(Bloomberg) -- The Covid-19 pandemic has already precipitated nationalist calls to repatriate supply lines for everything from masks and surgical gowns to ventilators. But we may be about to see protectionism going local. In the U.S., the competition for new gear in the face of a surge of cases has state and municipal governments scrambling to obtain all of those things and officials complaining that the federal government is making things worse. The barriers to internal travel are also going up. President Donald Trump, who has clashed with state governors, backed away from a plan to impose a federal quarantine on the states of New York, and parts of New Jersey and Connecticut over the weekend. But some states are already taking things into their own hands. Florida reportedly set up roadblocks on Interstate 95 to turn away New Yorkers at the state border. Rhode Island threatened to do the same before backing away and deciding simply to hunt down New Yorkers on its beaches for failing to self-isolate when they entered the state.It’s not just a state-level phenomenon. The New York Post last week reported that year-round residents in the Hamptons have revolted against a new influx of part-time refugees from New York City. The same push against the privileged apparently is being seen in Europe, according to the New York Times.For its part, the European Union is trying to lean against internal trade curbs. In return for restricting the export of personal protective equipment outside the EU in mid-March, the bloc’s member nations were asked to ease restrictions on the sale of such gear inside the 27-nation economy.There are good public health reasons for localism. No one wants to see the virus spread from urban centers to rural areas with few hospital beds and far more tenuous food-supply chains, as one local politician from Oregon pointed out last week in the Washington Post.But there may be economic consequences for all of this. What if we experience a further fracturing of supply lines as the pandemic grows? What if it’s not just international commerce that shuts down, but intra-national trade as well? There have been moments when G-7 and G-20 leaders have come together in recent weeks to proclaim the need for a common front to take on Covid-19. Everywhere, world leaders are appealing for national unity. A G-20 call with trade ministers Monday is a good place to start.There are signs also that for all the nationalism now in the air, governments are cooperating. A shipment of medical equipment from China landed in New York over the weekend. The federal government in the U.S. is shipping ventilators and protective equipment to state and local governments. But it’s not unreasonable these days to imagine a day when a need for ventilators in Michigan or Indiana provokes a push by local politicians to compel carmakers like Ford and GM — now venturing into the business of making the machines — to prioritize local communities. Or a local government in Bavaria or Baden-Württemberg from pressuring BMW or VW from doing the same. There is no doubt that globalization and international supply chains are under assault during this pandemic. Fear is a real thing. But before long, federalism and nationalism could be as well. All politics are local, the saying goes. Pandemics may by definition be anything but local. That doesn’t mean, though, the urges of politicians and their constituents won’t be. Charting the Trade TurmoilUrgent demand for medical equipment to fight the coronavirus has sent the cost of chartered aircraft skyrocketing, turning a usually humdrum process into a competitive auction.Today’s Must Reads Chain links | The pandemic is playing out in ways that few companies could have prepared for. But despite the shocks, the system should continue to function even under heavy strain, according to researchers of supply-chain logistics. Maine problem | Republican Senator Susan Collins called on Treasury Secretary Steven Mnuchin to temporarily defer tariffs for U.S. companies that are suffering economic hardship. Food security | The Philippines identified additional measures to ensure sufficient food supply amid a month-long lockdown of the country’s main island. Meanwhile, empty shipping containers are piling up in Manila. Machine orders | The Pentagon’s logistics agency has modified an existing contract and will spend $84.4 million to buy 8,000 ventilators from four vendors, with first delivery of 1,400 by early May. Inside look | Newly revealed details show that General Motors has been continuously engaged in the effort to build emergency ventilators. It’ll take about a month to ramp up.  Grain hoarding | Russia, the world’s biggest wheat exporter, proposed limiting grain shipments to protect its own food security in the face of the spreading pandemic.Bloomberg AnalysisWork week | Bloomberg Economics says China’s back-to-work rate edged up to around 90%. Supply shortages | Disinfectants and sanitizers that help fight the virus may be absent from store shelves for weeks. Use the AHOY function to track global commodities trade flows. See BNEF for BloombergNEF’s analysis of clean energy, advanced transport, digital industry, innovative materials, and commodities. Click VRUS on the terminal for news and data on the coronavirus and here for maps and charts.For more articles like this, please visit us at bloomberg.comSubscribe now to stay ahead with the most trusted business news source.©2020 Bloomberg L.P.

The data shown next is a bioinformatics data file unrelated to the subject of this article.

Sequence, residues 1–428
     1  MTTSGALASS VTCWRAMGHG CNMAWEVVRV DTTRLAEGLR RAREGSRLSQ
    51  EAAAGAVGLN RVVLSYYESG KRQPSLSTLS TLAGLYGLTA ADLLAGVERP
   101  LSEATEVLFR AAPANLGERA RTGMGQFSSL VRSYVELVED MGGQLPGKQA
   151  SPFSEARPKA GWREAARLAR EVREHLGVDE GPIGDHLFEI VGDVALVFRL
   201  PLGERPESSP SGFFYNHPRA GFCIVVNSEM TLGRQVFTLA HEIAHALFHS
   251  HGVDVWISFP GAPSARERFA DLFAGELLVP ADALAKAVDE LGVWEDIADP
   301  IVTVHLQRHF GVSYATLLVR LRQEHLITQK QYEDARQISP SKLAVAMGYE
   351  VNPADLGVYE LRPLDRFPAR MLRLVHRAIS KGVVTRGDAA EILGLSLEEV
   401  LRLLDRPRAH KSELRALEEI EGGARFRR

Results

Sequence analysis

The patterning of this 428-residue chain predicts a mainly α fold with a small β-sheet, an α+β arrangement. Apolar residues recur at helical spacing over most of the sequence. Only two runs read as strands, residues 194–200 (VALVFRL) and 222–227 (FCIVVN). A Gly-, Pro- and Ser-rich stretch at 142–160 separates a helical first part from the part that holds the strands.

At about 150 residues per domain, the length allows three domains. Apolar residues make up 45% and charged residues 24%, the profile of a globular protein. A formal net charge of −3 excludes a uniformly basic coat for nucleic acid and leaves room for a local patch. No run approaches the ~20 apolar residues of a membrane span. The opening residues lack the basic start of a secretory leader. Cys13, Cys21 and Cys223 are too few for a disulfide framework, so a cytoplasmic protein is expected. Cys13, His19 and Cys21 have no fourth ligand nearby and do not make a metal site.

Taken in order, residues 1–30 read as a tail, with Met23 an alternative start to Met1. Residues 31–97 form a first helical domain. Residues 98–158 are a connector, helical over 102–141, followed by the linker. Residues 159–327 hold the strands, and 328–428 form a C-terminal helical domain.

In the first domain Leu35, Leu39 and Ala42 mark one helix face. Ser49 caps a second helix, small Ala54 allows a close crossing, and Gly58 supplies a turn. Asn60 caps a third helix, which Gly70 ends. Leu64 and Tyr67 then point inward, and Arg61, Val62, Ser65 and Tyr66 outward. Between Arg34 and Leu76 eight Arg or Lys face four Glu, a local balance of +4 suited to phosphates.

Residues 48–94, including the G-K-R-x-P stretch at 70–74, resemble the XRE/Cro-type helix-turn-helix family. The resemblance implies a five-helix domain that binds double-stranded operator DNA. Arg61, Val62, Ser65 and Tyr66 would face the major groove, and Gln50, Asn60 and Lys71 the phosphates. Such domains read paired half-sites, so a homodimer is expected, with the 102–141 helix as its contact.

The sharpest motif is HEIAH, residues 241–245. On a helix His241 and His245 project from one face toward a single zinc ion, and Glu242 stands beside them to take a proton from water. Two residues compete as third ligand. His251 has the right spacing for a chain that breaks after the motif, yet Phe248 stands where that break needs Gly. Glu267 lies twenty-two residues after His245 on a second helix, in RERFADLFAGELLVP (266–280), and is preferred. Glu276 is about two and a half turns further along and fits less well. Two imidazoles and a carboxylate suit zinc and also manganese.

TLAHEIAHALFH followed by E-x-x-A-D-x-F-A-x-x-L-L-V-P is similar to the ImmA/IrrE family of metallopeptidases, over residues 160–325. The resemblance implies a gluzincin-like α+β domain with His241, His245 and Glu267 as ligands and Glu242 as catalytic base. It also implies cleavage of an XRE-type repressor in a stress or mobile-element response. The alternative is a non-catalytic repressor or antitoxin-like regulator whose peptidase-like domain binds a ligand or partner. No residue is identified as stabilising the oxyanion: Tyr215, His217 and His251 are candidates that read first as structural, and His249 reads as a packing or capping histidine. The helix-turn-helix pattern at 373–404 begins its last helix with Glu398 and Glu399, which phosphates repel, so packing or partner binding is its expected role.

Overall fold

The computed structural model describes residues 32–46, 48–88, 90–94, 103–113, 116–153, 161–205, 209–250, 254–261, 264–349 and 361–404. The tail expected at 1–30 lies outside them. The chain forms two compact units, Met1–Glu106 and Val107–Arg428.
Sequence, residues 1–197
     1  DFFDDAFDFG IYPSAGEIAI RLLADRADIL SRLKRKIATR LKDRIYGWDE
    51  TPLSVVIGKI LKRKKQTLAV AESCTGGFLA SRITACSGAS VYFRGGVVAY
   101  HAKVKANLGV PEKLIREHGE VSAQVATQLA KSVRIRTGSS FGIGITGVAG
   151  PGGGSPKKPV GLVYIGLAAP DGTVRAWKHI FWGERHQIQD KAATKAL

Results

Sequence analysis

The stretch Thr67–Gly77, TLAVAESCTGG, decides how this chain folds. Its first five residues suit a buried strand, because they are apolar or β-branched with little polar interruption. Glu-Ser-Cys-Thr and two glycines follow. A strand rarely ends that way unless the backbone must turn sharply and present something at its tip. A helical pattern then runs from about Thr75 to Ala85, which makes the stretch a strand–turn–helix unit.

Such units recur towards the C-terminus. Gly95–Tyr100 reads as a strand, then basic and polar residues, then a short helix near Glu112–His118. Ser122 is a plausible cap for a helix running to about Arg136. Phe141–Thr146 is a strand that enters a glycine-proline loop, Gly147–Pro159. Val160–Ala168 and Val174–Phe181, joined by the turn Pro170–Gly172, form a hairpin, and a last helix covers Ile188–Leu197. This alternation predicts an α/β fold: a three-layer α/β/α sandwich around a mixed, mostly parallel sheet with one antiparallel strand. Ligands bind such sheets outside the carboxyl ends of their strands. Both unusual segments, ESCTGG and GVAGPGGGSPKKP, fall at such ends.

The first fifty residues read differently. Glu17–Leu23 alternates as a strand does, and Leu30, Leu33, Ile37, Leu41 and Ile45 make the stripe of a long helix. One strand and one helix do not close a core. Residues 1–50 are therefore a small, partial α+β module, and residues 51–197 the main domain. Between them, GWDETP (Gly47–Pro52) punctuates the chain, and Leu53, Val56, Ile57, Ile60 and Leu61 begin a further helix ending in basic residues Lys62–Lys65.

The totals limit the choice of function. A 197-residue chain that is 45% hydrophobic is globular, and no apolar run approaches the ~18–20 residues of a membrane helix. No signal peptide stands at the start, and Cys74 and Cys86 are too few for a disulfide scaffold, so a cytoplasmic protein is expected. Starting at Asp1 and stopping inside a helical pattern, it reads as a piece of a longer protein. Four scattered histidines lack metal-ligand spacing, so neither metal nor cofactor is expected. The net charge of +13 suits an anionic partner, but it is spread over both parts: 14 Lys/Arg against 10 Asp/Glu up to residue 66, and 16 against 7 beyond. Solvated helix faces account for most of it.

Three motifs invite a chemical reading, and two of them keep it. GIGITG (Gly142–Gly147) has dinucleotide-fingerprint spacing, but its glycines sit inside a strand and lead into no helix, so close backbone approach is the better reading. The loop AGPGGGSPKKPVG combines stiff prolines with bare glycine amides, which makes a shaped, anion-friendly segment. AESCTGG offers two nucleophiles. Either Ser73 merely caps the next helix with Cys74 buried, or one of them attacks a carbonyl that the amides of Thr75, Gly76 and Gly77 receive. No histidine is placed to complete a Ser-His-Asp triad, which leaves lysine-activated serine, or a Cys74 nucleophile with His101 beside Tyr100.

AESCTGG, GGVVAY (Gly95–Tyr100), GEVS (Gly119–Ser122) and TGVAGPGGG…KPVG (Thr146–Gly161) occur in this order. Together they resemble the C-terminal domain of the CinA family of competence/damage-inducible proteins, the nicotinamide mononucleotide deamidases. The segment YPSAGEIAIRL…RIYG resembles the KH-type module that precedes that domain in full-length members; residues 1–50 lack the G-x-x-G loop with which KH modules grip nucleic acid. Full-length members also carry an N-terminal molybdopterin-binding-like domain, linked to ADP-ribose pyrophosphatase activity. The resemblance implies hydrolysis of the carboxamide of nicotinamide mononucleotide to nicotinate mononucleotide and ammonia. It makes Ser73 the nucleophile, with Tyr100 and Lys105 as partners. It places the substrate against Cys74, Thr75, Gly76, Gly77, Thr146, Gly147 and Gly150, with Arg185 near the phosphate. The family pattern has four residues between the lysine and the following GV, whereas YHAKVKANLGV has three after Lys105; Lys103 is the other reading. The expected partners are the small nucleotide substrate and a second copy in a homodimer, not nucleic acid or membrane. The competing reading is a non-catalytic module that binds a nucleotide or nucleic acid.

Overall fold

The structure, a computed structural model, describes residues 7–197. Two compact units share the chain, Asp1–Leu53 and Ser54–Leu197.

• Reuters - UK Focus